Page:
A Guelph businessman wants to build a 220-unit seniors residence on Stevenson Street.
But according to the city there seems to be a major regulatory hurdle that plan.
Probhash Mondal owns the vacant lot at 110 Stevenson St. S. and says he has the financing to build the estimated $22 million it would cost to build the residence, which would be a minimum six storeys high.
The property sits between the Guelph Sikh Society and the IMICO lands, just south of Elizabeth Street.
No official application has yet been made to the city although there have been some preliminary discussions with city planning staff, which is the usual course of action, and Mondal has reached out to some members of council.
“This is not something we’re doing to make money, believe me,” said Mondal. “We’re going to put up all the money and the money is already secured.”
Ideally, Mondal said, he would like to break ground in March.
“You think that’s possible or am I just dreaming?” Mondal said.
He said it is about building and creating something that the city, and The Ward, needs.
Mondal owns several medical imaging clinics in Guelph.
The main obstacle to his plan is lies in zoning and Official Plan designation.
The land would need to be redesignated and rezoned, a common step in new developments. In this case it’s more complicated.
In fact the city says the current review that might lead to the appropriate rezoning wouldn’t be complete for another three years.
According to an email exchange Mondal had with the city, the property is currently designated as ‘mixed business’ in the city’s Official Plan, which the city considers an employment designation.
“Your proposal for a seniors residence would be considered to be an employment conversion,” wrote senior city planner Lindsay Sulatycki.
“To ensure that adequate land is available to meet future employment needs, the conversion of lands within employment areas to non-employment uses may only be permitted through a Municipal Comprehensive Review (MCR),” said the email.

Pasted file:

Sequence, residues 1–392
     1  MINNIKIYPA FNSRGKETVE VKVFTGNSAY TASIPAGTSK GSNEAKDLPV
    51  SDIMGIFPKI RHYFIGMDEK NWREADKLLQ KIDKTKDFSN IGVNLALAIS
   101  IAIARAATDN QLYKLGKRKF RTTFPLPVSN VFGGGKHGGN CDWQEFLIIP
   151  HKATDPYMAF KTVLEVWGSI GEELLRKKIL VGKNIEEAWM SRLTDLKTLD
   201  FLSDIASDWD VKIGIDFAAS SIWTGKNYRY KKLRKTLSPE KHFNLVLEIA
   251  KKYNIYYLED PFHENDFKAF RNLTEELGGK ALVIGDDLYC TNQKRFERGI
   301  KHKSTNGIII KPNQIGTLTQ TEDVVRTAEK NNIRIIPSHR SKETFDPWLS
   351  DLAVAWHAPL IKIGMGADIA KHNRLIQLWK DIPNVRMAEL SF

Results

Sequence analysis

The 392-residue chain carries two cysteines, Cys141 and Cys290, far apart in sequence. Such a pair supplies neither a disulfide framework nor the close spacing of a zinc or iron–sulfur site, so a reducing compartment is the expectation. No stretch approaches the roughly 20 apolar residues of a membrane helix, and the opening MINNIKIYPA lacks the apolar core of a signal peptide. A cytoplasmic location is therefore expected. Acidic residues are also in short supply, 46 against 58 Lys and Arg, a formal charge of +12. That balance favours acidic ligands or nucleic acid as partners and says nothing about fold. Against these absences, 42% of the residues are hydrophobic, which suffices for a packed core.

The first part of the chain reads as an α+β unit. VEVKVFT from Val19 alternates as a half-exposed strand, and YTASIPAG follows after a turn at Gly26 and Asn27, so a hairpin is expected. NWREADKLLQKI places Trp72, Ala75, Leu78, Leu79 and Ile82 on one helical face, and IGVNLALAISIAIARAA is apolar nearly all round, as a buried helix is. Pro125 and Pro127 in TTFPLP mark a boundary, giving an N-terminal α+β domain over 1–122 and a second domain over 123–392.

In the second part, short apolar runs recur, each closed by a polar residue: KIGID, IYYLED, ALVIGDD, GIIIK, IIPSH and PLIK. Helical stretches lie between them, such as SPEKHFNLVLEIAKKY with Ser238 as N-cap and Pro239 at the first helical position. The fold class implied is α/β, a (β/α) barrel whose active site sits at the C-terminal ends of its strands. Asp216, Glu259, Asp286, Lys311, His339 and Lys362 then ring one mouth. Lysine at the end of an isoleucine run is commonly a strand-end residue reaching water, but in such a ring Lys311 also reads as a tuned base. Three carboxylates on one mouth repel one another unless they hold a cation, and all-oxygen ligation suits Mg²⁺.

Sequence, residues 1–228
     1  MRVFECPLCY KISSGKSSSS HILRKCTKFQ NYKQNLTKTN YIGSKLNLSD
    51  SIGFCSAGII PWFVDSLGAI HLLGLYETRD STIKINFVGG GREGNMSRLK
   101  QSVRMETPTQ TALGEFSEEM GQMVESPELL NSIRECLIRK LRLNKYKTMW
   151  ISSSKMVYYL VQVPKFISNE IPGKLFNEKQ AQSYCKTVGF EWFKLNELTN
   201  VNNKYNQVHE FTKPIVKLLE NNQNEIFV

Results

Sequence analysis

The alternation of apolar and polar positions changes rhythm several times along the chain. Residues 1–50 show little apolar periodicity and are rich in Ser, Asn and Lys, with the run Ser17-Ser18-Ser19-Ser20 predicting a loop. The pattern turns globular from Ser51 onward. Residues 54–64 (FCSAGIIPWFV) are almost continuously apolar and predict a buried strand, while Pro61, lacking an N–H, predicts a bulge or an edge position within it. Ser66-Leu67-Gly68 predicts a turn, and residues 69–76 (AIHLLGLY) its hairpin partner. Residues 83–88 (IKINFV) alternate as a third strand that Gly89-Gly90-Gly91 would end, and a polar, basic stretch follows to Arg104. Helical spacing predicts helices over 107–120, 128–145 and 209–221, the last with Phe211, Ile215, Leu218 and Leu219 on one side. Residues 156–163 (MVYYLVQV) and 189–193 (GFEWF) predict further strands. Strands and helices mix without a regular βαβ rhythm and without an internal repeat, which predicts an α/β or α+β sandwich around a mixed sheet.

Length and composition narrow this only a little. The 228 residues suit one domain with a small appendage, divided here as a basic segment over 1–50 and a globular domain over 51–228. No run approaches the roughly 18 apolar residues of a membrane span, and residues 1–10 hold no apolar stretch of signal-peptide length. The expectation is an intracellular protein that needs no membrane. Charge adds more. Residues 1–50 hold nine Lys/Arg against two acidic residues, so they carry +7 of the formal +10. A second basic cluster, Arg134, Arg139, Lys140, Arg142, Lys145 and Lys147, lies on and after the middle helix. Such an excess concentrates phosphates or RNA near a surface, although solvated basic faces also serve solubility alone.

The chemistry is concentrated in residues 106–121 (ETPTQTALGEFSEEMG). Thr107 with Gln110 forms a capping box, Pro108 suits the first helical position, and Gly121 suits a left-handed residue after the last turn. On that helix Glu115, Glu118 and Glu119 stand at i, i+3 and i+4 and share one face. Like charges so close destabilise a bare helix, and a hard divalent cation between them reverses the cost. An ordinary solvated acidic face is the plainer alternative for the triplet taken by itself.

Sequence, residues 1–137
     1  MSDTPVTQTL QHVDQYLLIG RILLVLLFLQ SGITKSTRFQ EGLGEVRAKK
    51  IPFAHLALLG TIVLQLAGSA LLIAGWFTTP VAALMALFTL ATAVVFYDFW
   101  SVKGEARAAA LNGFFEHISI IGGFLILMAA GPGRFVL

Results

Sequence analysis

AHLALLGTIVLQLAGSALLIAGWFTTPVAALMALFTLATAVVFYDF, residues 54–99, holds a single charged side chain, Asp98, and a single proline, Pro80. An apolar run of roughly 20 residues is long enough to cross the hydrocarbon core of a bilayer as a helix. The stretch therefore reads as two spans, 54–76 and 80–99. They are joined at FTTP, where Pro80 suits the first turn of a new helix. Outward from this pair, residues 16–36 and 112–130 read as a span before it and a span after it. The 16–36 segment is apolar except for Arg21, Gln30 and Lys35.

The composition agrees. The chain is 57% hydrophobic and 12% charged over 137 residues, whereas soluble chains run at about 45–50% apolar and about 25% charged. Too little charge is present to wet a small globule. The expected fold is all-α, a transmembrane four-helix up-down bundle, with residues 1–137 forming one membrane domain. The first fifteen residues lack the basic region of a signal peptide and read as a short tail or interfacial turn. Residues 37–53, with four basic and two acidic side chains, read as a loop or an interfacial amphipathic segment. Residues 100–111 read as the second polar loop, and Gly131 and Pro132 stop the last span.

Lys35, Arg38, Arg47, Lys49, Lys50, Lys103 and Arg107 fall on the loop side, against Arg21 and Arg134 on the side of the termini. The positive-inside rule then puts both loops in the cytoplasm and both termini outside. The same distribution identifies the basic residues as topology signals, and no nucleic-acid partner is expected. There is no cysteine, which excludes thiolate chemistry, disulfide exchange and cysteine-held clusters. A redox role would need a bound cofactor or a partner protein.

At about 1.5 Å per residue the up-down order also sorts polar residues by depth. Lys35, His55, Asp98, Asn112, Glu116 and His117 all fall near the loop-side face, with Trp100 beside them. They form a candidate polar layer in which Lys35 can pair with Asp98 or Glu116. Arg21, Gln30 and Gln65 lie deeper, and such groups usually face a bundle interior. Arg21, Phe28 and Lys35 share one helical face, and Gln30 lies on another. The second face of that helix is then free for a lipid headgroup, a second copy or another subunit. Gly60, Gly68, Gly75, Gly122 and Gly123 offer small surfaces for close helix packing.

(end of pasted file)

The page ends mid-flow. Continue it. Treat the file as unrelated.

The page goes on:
That review is underway but won’t be complete for three years. Mondal’s would have to meet a number of criteria under the current rules before it could be rezoned, the city said.
But Mondal’s architect, Guelph-based Bill Birdsell, say that definition within the Official Plan is “open to interpretation” and that their proposal would supply the kind of employment that the zoning is supposed to provide.
Birdsell and Mondal say that it seems strange that a strip plaza could be built there that might employ 15 people, but a seniors residence that would employ 50 people can’t.
Birdsell said the usual Official Plan amendment and rezoning are procedural matters that developments often have to work through.
“The killer that came out in our meeting with the city was this issue about ‘employment lands’ and the way it’s designated within a section of the Official Plan,” Birdsell said.
“They said we would be taking it (the land) out of employment and putting it into a different category and they’re not even going to touch that part of the Official Plan for at least three years. That’s a killer to the project,” Birdsell said.
“We’re still observing that they’re employment lands and we’re providing significant employment,” Mondal said.
Birdsell said that’s open to interpretation and hopes the city sees it the same way.
“Our argument is that we need the intent of employment land,” he said.
Mondal has a meeting planned for mid-November with the city’s economic development department.
For now he is trying to create a groundswell of support for the project, including talking with Ward 1 councillor Dan Gibson, who called it “an exciting prospective project” when asked for comment.
“I think we just have to have a gentle nudge with staff so they see how we are actually achieving the intent of what they want to achieve, then we move ahead with the appropriate wording,” Birdsell said.
He said it would be “premature” to bring it to council at this stage because no formal submission has been made to council.